What is the essential factor needed to create wealth?
The way you think, and the way you feel. These two factors are creating
your current financial reality. They can lead you to the land of peace and honey or leave you debt-laden and stressed. It’s easier to see when you are looking at someone else’s life. So I will tell you the stories of Alice and Sam.*
Emotional gratification + Sale = Debt
Alice has a killer sense of style. She’s out shopping and sees the world’s cutest shoes. They happen to be on sale! She tries them on and they are magic. She knows if she doesn’t buy them today someone else will and they will be gone forever. She doesn’t have the cash, but she get’s paid on Friday. So she decides to use her credit card to buy the shoes now, and she tells herself she will pay off the purchase when she gets her paycheck. It’s this thought process that is used to create almost all credit card debt. Let’s dissect what happened.
Alice went shopping when she didn’t have any money to spend. On the surface it can look like she might be shopping for something she “needs.” But I’m going to be bold and say it was for emotional gratification. Buying things feels good. Second, “sales” produce two things. A feeling of getting a bargain, which is very alluring, and the feeling of loss. “If I don’t buy this today I may never get it!” These two thoughts propel her to pre-spend her income. This is the genesis of debt, because Life has unexpected expenses. That’s a guarantee. “Something” will always come up. If you start entertaining the thought of pre-spending your income, it’s just a matter of time before you accrue debt.
Alice: “I feel like I need a pick-me-up, but I don’t have any money until I get paid on Friday. I’m going to take myself shopping on Saturday. I’m going to cash my check, and take $100 in cash with me. I am going to buy whatever the heck I want, but I’m going to leave my credit cards at home. Otherwise, I know that my $100 budget can easily become a figment of my imagination. As for today, I’m going to call my BFF and chat it out.”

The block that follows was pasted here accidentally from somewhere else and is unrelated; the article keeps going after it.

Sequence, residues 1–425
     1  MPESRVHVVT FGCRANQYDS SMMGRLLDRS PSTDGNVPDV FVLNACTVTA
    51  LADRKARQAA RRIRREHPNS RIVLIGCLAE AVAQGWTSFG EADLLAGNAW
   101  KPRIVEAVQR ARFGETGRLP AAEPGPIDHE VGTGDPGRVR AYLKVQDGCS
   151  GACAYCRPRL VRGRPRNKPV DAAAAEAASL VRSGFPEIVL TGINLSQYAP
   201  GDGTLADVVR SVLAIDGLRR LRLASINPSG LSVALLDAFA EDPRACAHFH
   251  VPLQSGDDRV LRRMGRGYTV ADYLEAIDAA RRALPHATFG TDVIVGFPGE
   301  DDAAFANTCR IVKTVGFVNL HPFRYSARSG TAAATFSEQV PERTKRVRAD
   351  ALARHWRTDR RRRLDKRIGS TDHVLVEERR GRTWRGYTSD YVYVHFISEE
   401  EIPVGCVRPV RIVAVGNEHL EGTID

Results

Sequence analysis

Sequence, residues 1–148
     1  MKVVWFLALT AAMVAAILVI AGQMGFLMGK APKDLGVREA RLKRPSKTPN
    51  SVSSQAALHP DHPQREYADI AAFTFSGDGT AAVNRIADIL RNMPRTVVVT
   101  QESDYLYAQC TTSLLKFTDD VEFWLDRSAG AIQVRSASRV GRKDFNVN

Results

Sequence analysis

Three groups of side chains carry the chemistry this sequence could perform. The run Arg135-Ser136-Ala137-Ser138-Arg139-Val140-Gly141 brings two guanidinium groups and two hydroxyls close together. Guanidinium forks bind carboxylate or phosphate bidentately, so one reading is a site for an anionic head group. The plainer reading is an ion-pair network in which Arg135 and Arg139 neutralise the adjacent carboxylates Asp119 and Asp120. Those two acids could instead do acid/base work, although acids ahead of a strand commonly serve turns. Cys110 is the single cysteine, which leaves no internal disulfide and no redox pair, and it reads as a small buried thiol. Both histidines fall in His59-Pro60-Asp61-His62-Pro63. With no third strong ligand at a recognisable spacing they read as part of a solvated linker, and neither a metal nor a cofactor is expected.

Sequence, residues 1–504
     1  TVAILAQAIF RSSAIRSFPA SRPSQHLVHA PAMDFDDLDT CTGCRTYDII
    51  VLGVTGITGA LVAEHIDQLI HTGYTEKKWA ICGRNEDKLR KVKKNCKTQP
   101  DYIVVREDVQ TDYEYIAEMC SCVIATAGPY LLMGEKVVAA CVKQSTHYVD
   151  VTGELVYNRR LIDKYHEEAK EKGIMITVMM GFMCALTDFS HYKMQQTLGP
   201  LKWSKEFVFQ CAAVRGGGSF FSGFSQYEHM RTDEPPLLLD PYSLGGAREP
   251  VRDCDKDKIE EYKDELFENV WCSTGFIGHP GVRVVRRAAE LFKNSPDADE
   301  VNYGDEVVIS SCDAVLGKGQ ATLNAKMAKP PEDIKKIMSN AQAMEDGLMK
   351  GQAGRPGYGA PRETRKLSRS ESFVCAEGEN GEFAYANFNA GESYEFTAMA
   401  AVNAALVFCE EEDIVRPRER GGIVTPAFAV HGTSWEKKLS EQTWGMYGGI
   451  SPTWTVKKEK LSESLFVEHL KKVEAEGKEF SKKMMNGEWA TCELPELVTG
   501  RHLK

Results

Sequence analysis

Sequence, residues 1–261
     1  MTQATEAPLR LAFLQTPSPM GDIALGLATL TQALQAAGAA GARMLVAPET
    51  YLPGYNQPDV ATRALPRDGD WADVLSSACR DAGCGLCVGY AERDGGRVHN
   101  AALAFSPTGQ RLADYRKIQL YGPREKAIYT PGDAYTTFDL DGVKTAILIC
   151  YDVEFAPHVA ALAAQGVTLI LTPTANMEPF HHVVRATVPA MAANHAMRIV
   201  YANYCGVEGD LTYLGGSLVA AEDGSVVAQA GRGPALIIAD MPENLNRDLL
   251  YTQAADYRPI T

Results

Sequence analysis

In the end Alice still gets the shoes, but she doesn’t pre spend her income, so she doesn’t create debt. She also “plays the player.” Translation: she knows herself! The part of her that desires instant gratification isn’t going to stop at $100 if she isn’t forced too. Leaving the credit cards at home is the easiest way to ensure she doesn’t overspend her budget. But the biggest thing of all is that she is delaying satisfaction. This is the essence of investing. Giving up a little today for a lot tomorrow.
Fear in a falling stock market + 410(k) = Locking in a loss
Now maybe you are one of the few Americans who doesn’t have credit card debt and that example leaves you flat. Here’s another one.
Take Sam. She’s a cool cat who doesn’t like to take a lot of financial risk. In 2008 she was watching her 401(k) get pummeled, and by 2009 it lost half of its value. The process was gut-wrenching so she sold everything.
Let’s analyze what happened. Fear caused Sam to sell. That’s pretty obvious. But why this is so devastating financially is if you lose 50% of your investment, you need to earn 100% just to get back to even. (Example: If you have $100 and lose 50% you now have $50. To get back to your original $100 you have to earn 100%, or $50, to become $100. You have to double your money for that 100% return.) What I’m showcasing is that emotion led to a thought: “Sell.” And that locked in the loss. This could have been avoided.
Sam: “It’s 2009. My portfolio had decreased by half. I am scared I’m going to lose it all. I am not sure exactly what I’m invested in. I am going to find someone who understand investments and tell me what I have, and they can recommend a course of action.”
Do you know what your 401(k) is invested in? If not, contact us. A free, 15-minute call could save you $100,000+.